Mackereth v DWP (UK) Ltd – Equality Act: protecting beliefs

The Employment Appeal Tribunal has held that whilst a Christian doctor’s beliefs about transgenderism would be protected by the Equality Act 2010 (EqA), this protection did not include expressing those views whilst at work.

Case Facts

The claimant worked as a health and disabilities assessor for DWP, via an agency, from 29 May to 27 June 2018. His role involved conducting face-to-face assessments and preparing reports. Each assessment lasted 30-40 mins on first come basis.

Sometimes, service users completed an online benefits claim, but not always. If a mental health condition was the basis for the claim, they were not required to complete the form in advance. The effect of this is that the assessor would not know any information on the service user prior to meeting with them.  

Assessors had to adhere to DWP’s policies and procedures, including its diversity and equality policy. Specifically, that transgender service users should be treated with respect and referred to in their presented gender at all times. Assessors were told to try to use the person’s name where possible rather than referring to their gender, and to use whatever pronoun they prefer.

DWP highlighted that if a trans service user was not acknowledged in their preferred way, it could be detrimental to their mental health and cause offence. This would cause reputational damage to DWP.

As part of induction training, all new starters were made aware of the Policy on Gender Reassignment which must be followed. Mackereth stated that, as a Christian, he could not use pronouns “in that way, in good conscience.” This belief was based on what the bible says in Genesis 1:27; that we are born male and female and that a person cannot change their sex or gender.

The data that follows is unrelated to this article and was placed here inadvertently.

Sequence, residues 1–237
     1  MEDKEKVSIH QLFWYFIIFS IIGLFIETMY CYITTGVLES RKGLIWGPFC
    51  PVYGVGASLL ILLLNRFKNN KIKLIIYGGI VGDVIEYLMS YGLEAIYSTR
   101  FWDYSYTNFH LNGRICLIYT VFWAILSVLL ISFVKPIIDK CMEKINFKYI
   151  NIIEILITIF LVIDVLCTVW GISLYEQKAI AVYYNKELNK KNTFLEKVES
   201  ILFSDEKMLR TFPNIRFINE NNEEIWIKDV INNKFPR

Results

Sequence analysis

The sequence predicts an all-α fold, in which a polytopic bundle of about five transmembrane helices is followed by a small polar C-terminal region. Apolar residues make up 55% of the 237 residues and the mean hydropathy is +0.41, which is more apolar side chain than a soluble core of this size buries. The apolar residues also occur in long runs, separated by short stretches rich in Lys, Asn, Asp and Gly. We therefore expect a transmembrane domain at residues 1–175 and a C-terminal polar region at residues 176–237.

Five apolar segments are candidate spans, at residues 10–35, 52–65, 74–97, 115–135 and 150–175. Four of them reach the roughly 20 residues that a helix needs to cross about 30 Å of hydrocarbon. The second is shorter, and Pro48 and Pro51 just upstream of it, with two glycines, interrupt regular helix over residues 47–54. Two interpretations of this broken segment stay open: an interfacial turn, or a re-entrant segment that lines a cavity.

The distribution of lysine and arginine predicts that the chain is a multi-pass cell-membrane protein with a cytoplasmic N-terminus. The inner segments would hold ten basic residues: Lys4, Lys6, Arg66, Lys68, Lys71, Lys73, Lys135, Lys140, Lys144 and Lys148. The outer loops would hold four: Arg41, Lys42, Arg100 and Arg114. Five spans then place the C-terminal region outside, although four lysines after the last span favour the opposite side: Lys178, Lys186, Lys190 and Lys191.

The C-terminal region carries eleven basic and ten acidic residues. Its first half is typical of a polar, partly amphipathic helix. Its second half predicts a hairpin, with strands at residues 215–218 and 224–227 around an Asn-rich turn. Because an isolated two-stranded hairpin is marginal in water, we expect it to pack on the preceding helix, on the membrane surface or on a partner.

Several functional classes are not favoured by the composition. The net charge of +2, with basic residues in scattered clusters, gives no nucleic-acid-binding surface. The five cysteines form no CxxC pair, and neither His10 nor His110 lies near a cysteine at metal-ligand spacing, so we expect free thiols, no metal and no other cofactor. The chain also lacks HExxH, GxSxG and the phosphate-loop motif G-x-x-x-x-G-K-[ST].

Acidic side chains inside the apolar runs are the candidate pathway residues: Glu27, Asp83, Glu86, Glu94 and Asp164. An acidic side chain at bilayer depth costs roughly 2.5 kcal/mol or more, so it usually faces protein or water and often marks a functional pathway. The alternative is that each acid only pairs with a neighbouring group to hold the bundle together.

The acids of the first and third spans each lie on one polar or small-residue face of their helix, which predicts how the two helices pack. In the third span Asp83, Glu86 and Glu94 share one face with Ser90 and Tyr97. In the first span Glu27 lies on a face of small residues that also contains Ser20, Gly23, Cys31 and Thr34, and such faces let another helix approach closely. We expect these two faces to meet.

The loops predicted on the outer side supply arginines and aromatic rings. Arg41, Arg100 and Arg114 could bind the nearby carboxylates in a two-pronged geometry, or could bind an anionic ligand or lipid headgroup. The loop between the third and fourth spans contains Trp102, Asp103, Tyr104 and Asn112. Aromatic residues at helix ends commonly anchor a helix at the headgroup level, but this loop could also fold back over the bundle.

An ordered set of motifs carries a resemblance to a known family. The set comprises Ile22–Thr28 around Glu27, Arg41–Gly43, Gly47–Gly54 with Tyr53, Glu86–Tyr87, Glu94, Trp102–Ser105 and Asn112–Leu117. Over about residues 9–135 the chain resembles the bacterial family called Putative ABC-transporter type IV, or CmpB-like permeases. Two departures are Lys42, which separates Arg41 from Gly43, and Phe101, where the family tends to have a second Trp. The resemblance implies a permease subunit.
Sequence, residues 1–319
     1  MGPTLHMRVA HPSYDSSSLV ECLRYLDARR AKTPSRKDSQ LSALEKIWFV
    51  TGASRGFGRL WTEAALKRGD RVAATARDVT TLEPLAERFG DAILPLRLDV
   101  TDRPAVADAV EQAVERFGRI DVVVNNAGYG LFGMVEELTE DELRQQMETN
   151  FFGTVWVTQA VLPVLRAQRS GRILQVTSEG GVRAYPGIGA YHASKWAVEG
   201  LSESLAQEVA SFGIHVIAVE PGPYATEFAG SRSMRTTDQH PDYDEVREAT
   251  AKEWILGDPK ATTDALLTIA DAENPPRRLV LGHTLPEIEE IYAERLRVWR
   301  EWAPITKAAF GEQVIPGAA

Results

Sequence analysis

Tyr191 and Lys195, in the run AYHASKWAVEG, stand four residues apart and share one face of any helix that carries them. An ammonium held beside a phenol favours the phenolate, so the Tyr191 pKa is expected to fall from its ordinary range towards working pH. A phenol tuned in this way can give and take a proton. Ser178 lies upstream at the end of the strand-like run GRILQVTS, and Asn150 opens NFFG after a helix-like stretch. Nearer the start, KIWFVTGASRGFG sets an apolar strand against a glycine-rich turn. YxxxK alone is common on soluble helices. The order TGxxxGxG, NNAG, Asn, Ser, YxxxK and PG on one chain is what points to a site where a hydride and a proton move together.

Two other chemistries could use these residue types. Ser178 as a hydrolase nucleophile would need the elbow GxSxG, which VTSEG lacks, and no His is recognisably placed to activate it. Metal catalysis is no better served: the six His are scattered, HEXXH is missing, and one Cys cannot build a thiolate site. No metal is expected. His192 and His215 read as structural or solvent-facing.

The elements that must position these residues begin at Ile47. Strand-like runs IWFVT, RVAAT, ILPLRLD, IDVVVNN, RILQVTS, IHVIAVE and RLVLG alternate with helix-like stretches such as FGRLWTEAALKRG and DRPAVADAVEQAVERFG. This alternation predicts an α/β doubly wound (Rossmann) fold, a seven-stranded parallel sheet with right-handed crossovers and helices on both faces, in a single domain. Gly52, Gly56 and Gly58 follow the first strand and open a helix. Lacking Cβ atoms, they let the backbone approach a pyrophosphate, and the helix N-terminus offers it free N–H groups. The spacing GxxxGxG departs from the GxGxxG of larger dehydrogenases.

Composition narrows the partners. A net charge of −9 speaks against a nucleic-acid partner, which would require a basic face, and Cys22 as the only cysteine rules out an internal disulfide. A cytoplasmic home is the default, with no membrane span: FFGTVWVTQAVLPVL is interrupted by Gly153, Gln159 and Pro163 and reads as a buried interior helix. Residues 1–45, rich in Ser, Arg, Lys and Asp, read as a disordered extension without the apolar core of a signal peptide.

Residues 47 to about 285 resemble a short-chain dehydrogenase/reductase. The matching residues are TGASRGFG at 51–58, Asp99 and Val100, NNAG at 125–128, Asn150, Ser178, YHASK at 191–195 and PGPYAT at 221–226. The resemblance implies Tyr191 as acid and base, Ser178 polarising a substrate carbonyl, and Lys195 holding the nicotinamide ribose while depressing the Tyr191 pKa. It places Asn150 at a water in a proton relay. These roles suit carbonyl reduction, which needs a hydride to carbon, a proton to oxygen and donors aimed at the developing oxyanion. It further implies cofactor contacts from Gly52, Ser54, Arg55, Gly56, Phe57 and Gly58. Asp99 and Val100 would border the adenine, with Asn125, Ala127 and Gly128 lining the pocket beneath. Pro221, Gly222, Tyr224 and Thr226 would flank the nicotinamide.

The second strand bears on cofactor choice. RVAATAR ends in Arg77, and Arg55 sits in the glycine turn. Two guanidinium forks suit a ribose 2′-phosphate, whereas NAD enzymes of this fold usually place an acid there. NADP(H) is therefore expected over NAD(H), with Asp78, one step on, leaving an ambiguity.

He said that the hospital he’d previously worked in as an A&E doctor were aware of his beliefs and helped him avoid having to deal with transgender people.

DWP considered whether they could accommodate his beliefs in a similar way. They identified two potential means but found both to be inappropriate and impracticable.

These were:

  1. Give him a non-customer facing role: these required at least 12 months’ experience.
  2. Ensure he only assessed non-trans users: impracticable since they might not know they’re trans until the assessment.

DWP raised the issue with the agency, who met with Mackereth. His version of events were that he was called out of work for an urgent meeting to investigate his beliefs whilst he was working on his “second real case”. The ET found that his version of events were skewed and that he was a poor witness whose account should be given little weight.

The meeting was purely for information gathering, but there was a risk he could lose his job. The agency explained that no decision was made and that it would be up to DWP to decide.

The next day, Mackereth said he was going to leave at 11am because he was distracted and may do service users an injustice as a result. The agency sent a follow up email to confirm he didn’t want to work until the situation was resolved. However, later on Mackereth was to claim that he had been suspended and asked for reasons for this.  

The agency emailed asking “one final time” whether he would follow the agreed process as discussed in training and refer to customers by their chosen pronouns. They ended that “If however, you do not wish to do this, we will respect your decision and your right to leave the contract.” Mackereth responded saying ““I am a Christian, and in good conscience I cannot do what they are requiring of me.”